As 2016 finally limps to a close, we’re happy to provide you the pleasant distraction of this the November edition of thee No Fly List! This month’s dispatch is stuffed with plenty of product placement and peppered with the sort of almost-humor you might expect from a tippling uncle at Thanksgiving. In what follows we’re going to explore what is perhaps Sub Pop’s most well-known, provocative, overused, and frequently misunderstood expression: “LOSER.”
Wonder no more! It’s “What is loser, and why loser?” (Which, yes, is kind of actually two questions, but they’re related and we’re calling the shots here, so deal with it.) Let’s dig in…
According to LOSER; the recently expanded book by Clark Humphrey that chronicles the diverse Seattle
sound and punk scene, it’s, “a statement
of defiance against the yuppies’ obsession with ‘winners.’” The term “LOSER” or “losers of the music industry” was a
reaction to corporate industry driven trends and views.
First developed/stumbled upon in the summer of 1988, “LOSER” made its way onto a Sub Pop t-shirt that very year. Consistent with the label’s aesthetic embrace of apathy (and characteristic of the time), images were sporadically misprinted, contained gaps, and sometimes were even screened in reverse. You can scope photos of the original “LOSER” shirt in such books as Everybody Loves Our Town: An Oral History of Grunge by Mark Yarm, and Experiencing Nirvana: Grunge in Europe by Bruce Pavitt.
In grunge speak, courtesy of Sub Pop’s current CEO Megan Jasper back when she was still the label’s receptionist, a loser is a “cob nobbler.” And, the greeting “Dear Loser” was used endearingly in the infamous Sub Pop rejection letters of the early nineties. The term was later used to market a Sorachi Ace-forward American pale ale developed in Seattle by local brewery Elysian. It’s also a term used in the card game contract bridge.
So that’s why Loser Editions! And, why don’t you have Bloom, Fear Fun, or King Tuff on colored wax? It might be because you didn’t pop in to the Sub Pop store at SeaTac. The Sub Pop airport shop is often the last place you might be able find one of these limited slick discs before they hit the wicked online aftermarket. When the pre-sale is sold out and the stash at your favorite shop has dwindled to nothing, your Loser Edition might just be one plane ticket away.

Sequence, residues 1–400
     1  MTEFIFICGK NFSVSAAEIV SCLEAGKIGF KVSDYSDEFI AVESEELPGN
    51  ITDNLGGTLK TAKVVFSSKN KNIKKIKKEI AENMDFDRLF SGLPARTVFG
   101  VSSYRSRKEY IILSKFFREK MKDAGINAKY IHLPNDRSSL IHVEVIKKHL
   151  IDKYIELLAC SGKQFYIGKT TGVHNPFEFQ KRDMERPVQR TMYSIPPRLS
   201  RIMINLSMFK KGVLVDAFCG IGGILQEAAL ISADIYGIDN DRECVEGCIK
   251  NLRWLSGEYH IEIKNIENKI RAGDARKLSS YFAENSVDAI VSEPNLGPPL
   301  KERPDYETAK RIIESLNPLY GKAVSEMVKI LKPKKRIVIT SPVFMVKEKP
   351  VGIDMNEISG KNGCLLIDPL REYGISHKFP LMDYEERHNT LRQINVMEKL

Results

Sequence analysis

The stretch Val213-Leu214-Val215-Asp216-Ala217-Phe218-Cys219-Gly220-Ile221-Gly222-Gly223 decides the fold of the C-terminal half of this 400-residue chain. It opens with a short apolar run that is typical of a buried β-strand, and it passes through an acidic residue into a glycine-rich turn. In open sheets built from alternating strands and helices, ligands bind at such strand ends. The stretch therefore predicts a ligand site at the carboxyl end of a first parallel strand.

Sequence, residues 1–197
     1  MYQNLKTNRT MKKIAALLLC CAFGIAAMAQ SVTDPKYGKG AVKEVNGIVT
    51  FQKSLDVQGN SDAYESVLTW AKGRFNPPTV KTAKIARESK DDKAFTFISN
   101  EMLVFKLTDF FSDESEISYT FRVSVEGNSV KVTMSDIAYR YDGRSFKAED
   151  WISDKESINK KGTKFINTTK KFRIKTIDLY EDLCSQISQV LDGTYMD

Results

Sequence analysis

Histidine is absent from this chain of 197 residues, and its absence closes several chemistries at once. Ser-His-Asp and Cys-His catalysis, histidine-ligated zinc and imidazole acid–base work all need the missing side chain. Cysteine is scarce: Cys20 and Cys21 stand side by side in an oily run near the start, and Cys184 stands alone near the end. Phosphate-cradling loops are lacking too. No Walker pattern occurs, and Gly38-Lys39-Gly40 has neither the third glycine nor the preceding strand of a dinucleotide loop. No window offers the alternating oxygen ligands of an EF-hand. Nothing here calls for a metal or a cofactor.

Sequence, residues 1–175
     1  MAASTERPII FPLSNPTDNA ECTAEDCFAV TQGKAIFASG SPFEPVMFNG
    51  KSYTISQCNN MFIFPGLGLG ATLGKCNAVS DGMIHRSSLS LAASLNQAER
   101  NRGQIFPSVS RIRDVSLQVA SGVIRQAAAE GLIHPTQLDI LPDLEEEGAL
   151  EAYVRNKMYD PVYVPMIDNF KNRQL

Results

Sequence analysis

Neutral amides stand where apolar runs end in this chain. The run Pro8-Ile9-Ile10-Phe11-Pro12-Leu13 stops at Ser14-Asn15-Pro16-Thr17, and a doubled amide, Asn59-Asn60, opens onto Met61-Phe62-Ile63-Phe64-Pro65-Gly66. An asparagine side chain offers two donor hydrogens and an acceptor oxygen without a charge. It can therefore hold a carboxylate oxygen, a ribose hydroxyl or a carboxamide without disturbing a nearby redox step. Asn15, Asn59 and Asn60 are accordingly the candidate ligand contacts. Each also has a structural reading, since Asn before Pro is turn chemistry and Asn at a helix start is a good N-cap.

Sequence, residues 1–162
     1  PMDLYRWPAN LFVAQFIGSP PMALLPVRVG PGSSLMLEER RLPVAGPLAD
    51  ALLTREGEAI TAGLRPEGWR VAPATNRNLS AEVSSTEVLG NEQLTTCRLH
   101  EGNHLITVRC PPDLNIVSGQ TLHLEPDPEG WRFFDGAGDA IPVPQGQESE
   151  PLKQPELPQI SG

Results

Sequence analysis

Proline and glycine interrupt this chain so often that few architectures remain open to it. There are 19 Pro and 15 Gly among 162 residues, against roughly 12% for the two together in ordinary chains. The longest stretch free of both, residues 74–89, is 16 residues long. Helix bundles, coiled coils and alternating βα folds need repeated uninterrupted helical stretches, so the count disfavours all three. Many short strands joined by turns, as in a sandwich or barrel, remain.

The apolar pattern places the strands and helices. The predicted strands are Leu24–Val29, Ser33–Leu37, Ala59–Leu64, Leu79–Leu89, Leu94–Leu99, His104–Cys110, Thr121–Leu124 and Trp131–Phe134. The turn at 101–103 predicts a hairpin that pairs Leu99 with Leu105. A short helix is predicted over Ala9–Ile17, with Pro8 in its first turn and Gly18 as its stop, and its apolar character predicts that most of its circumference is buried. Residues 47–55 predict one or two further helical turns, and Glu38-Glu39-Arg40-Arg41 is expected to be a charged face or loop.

More “LOSER” related fact and fiction…
One of the earliest singles I’ve scored since becoming a Sub Pop employee is TAD’s long-out-of-print 7” single for “Loser” b/w “Cooking With Gas” (SP55). While this release was limited to 3,000 copies on a green transparent vinyl 7”, both tracks are now available on the deluxe edition reissue of 1990’s Salt Lick. The 45 has a killer back cover by celebrated local cartoonist Peter Bagge, which exists now on a fine black t-shirt.
Are we forever going on about “LOSER” this and “LOSER” that because of the Beck song? Fuck no! Beck was/is not on Sub Pop. He did, however, put out the 1994 release One Foot in the Grave on Olympia-based label K Records (the latter day reissue of which is occasionally stocked on vinyl in the ‘non-Sub Pop’ section of the airport store with the rest of the PNW titles and related artists).
Life as a “LOSER” is not for everyone. Tourists regularly walk by the store and stare. Some stop and think out-loud how unsuitable something like this would be for
their youngster. Others imagine their
choice of relative sporting a big, bold “LOSER” (as punishment or gift, who can say?). For those daring and/or proudly unambitious enough to let their “LOSER” flag fly, however… As the holiday season approaches, this charming stocking awaits, (available online only!), as does a great heap
of other shit that says LOSER on it.
Now if you don’t have any other questions; beat it LOSER!